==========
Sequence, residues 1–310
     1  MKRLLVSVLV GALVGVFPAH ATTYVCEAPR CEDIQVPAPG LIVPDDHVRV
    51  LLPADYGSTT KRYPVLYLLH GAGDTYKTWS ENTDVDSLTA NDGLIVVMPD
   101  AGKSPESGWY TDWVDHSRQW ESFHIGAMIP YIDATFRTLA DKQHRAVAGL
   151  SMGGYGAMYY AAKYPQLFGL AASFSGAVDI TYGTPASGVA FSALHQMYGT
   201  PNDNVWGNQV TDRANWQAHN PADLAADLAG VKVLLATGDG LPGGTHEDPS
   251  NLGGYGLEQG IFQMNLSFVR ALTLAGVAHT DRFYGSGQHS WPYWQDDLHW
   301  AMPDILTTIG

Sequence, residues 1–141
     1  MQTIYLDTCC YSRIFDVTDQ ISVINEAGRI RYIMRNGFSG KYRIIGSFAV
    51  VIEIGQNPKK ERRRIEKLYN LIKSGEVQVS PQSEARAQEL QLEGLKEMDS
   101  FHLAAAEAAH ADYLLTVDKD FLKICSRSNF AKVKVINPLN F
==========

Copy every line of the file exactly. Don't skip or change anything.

Sequence, residues 1–310
     1  MKRLLVSVLV GALVGVFPAH ATTYVCEAPR CEDIQVPAPG LIVPDDHVRV
    51  LLPADYGSTT KRYPVLYLLH GAGDTYKTWS ENTDVDSLTA NDGLIVVMPD
   101  AGKSPESGWY TDWVDHSRQW ESFHIGAMIP YIDATFRTLA DKQHRAVAGL
   151  SMGGYGAMYY AAKYPQLFGL AASFSGAVDI TYGTPASGVA FSALHQMYGT
   201  PNDNVWGNQV TDRANWQAHN PADLAADLAG VKVLLATGDG LPGGTHEDPS
   251  NLGGYGLEQG IFQMNLSFVR ALTLAGVAHT DRFYGSGQHS WPYWQDDLHW
   301  AMPDILTTIG

Sequence, residues 1–141
     1  MQTIYLDTCC YSRIFDVTDQ ISVINEAGRI RYIMRNGFSG KYRIIGSFAV
    51  VIEIGQNPKK ERRRIEKLYN LIKSGEVQVS PQSEARAQEL QLEGLKEMDS
   101  FHLAAAEAAH ADYLLTVDKD FLKICSRSNF AKVKVINPLN F